Ahem. That being said, Camp makes his point eloquently and his feelings sound sincere. And "Benji" really is one of the better dog movies, when you get right down to it.
Let's hear from a lady. Jill Stanek is an anti-abortion-rights activist, who's position on the subject lies slightly to the right of the talon-fingered newborn from "It's Alive!" Though she's definately not-kidding-around with her comittment to her cause, she's evidently not above using the difficult subject matter of her cause as the money-shot in a gag headline. Witness her new Worldnetdaily column, entitled "Pro-lifers: Abort the Academy Awards!"
Here's where this one gets interesting: After using the word "abortion" as a shock-word for a jokey headline about a movie award show, the actual column attacks Oscar Host-to-be Chris Rock for having made abortion jokes in his past. Here's Rock's joke:
"Abortion, it's beautiful, it's beautiful abortion is legal," joked Rock. "I love going to an abortion rally to pick up women, cause you know they are f---ing."
Okay, the only thing "shocking" about that joke is that an original talent like Rock would resort to that worn-out Frat Boy oldie of a dirty joke. But here's Stanek's outraged reaction:
"Some say Rock was actually making a sarcastic indictment against abortion. That could be, and his comment did open my eyes a little wider on the exploitive nature of abortion. Nevertheless, the joke was repulsive, and any comedian who would use abortion to get a laugh is the last comedian in the world I want to watch on television. Abortion is the unfunniest topic in the world."
"The unfunniest topic in the world..." unless the funny is occuring in headlines to her own articles, apparently. But while pointing out baldfaced hypocrisy may be fun, (and it is,) we move on to the REAL reason she's up in arms: The Academy of Motion Pictures Arts & Sciences has had the unmitigated gall to nominated for various awards not one but TWO films that run counter to the personal politics of Jill Stanek. Well, at least she's not being unreasonable or anything...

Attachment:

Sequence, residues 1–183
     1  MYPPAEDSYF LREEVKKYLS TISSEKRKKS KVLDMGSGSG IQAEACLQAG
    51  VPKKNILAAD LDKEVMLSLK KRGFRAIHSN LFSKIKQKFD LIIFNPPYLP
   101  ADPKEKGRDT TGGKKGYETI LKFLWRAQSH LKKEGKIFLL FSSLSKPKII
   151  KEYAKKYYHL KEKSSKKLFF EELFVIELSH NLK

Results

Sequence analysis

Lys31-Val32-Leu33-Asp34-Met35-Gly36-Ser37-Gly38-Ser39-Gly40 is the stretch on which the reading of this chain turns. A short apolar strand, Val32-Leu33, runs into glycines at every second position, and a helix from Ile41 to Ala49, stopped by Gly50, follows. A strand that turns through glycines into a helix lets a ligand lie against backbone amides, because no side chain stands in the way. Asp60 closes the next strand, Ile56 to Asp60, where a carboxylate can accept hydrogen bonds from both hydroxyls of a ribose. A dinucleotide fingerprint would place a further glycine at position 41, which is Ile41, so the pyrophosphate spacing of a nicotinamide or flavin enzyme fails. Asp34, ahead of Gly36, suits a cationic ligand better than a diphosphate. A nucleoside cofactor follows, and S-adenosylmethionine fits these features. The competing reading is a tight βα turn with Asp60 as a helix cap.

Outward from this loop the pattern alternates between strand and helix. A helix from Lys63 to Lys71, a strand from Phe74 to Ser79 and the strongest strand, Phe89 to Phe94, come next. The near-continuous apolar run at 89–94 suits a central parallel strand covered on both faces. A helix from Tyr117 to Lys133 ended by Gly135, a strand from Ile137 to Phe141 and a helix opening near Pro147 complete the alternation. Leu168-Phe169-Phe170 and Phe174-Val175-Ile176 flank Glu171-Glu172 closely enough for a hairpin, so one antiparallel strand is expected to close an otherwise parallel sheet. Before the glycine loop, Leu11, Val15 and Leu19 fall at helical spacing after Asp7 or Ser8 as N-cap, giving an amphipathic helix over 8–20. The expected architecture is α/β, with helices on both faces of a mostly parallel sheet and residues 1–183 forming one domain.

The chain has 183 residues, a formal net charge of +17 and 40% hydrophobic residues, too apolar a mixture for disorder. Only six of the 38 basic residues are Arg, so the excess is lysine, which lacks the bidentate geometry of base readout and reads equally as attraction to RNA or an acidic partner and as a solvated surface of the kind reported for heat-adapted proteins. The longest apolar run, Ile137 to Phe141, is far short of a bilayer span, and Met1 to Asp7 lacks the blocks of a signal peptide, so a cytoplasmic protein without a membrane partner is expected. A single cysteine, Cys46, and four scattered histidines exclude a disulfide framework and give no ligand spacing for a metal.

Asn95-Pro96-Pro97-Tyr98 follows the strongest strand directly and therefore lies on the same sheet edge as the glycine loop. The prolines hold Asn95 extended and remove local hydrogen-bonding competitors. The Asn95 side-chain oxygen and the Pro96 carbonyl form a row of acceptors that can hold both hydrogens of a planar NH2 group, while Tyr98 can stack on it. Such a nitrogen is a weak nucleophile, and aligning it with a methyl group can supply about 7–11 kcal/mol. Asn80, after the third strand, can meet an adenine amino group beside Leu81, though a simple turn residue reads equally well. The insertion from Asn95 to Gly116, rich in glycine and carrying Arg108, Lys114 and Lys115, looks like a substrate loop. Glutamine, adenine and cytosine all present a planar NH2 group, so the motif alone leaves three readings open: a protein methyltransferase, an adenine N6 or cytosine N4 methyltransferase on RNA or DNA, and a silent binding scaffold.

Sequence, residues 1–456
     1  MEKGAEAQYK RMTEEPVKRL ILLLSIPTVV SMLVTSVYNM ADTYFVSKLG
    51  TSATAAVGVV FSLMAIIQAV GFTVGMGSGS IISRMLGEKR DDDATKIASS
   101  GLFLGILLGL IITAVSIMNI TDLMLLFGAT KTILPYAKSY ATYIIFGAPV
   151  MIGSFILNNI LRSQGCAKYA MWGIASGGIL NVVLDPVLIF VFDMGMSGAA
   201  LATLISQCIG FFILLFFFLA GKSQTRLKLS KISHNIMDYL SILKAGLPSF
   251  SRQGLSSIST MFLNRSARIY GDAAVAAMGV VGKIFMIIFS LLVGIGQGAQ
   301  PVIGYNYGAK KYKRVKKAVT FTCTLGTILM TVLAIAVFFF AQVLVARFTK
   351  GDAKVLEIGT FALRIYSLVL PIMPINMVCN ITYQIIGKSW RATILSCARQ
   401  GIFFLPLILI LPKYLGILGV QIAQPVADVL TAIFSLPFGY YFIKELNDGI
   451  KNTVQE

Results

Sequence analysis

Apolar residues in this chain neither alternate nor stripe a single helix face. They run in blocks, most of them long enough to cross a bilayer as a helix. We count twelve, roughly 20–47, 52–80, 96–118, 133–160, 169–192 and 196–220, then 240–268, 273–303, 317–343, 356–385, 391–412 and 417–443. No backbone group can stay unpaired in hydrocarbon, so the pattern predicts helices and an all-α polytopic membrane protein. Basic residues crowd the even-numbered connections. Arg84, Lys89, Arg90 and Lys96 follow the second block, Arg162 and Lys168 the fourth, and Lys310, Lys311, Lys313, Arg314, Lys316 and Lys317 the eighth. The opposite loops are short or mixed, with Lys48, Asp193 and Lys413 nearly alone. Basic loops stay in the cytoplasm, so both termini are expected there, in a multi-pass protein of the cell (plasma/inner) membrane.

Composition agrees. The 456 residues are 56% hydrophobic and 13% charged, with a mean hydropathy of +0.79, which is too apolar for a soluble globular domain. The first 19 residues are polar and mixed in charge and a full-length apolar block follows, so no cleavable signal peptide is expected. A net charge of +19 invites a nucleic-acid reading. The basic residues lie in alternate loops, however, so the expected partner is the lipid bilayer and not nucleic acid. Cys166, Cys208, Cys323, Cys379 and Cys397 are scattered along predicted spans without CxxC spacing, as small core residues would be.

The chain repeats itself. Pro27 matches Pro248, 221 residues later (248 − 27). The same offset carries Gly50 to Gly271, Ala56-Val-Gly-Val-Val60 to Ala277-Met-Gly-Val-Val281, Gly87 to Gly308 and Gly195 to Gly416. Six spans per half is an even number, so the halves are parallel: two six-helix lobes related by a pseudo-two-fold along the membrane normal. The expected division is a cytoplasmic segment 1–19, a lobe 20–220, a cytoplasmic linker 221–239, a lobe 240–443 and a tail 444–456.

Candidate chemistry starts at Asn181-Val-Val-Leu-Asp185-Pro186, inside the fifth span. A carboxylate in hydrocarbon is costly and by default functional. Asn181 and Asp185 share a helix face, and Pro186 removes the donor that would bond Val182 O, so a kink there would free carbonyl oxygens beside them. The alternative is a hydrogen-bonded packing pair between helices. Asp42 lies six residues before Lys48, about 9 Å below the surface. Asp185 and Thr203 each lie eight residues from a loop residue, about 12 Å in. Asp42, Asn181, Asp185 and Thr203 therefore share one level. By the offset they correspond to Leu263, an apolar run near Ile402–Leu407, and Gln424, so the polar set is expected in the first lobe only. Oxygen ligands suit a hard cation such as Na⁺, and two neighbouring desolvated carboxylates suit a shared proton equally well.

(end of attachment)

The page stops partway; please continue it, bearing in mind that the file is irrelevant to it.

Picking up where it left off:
Specifically, she takes issue with "Million Dollar Baby," for reasons I'm still not going to spoil for you, and "Vera Drake" for being about the life, arrest and trial of a pre-abortion-legality working class Englishwoman who provides (illegal) abortions for those too poor (or in too bad a situation) to afford the nice, discreet, clean (but still illegal) ones used frequently by the wealthy. My immediate reaction here is: "Tsk, tsk. She forgot 'Kinsey!"
But okay, as a "pro-lifer" Stanke has, of course, all the right in the world to be irked that "Vera Drake" has three nods. But she also saddles up next to the Medvedites when it comes to "Million Dollar Baby"...
"You've likely heard about the shocking end of "Million Dollar Baby" only from friends. Its ads and trailers give no clue to its real agenda."
This kind of groupthink borders on the eerie. People: Withholding details of a major plot and tonal shift is a NARRATIVE DEVICE, not evidence of a hidden agenda. Granted, Stanek and others who confuse the two have the benefit of not being professional critics and former film-scholars of note... what's Medved's excuse again?
In the end, there's ONE person left yet who hasn't been much heard from on the controversy, and that's the director/actor himself. Clint Eastwood has only offered smatterings of info on how he feels about the propaganda campaign being waged against him, but he finally spoke in depth in an extraordinary interview with Time Magazine:
Seriously, take the time and read that. Eastwood is not only the finest living actor/director in America, he's also one of the most honest and intelligent. One of the best filmmaker interviews I've ever read. But let's see the "money quote" exchange here, when Time writer Richard Schickle puts the Big One right on the table i.e. former Republican mayor Clint Eastwood "turning against" his Conservative fans with "Baby":
TIME: THERE'S A NOTION THAT CLINT EASTWOOD, THE GREAT AMERICAN ICON, HAS SOMEHOW DISAPPOINTED A SIGNIFICANT PORTION OF HIS CONSTITUENCY WITH THIS MOVIE.
EASTWOOD: "Well, I got a big laugh out of that. These people are always bitching about "Hollyweird," and then they start bitching about this film. Are they all so mad because The Passion of the Christ is only up for the makeup award and a couple of other minor things? Extremism is so easy. You've got your position, and that's it. It doesn't take much thought. And when you go far enough to the right you meet the same idiots coming around from the left."
Hey, whaddaya know... Dirty Harry just made my day :)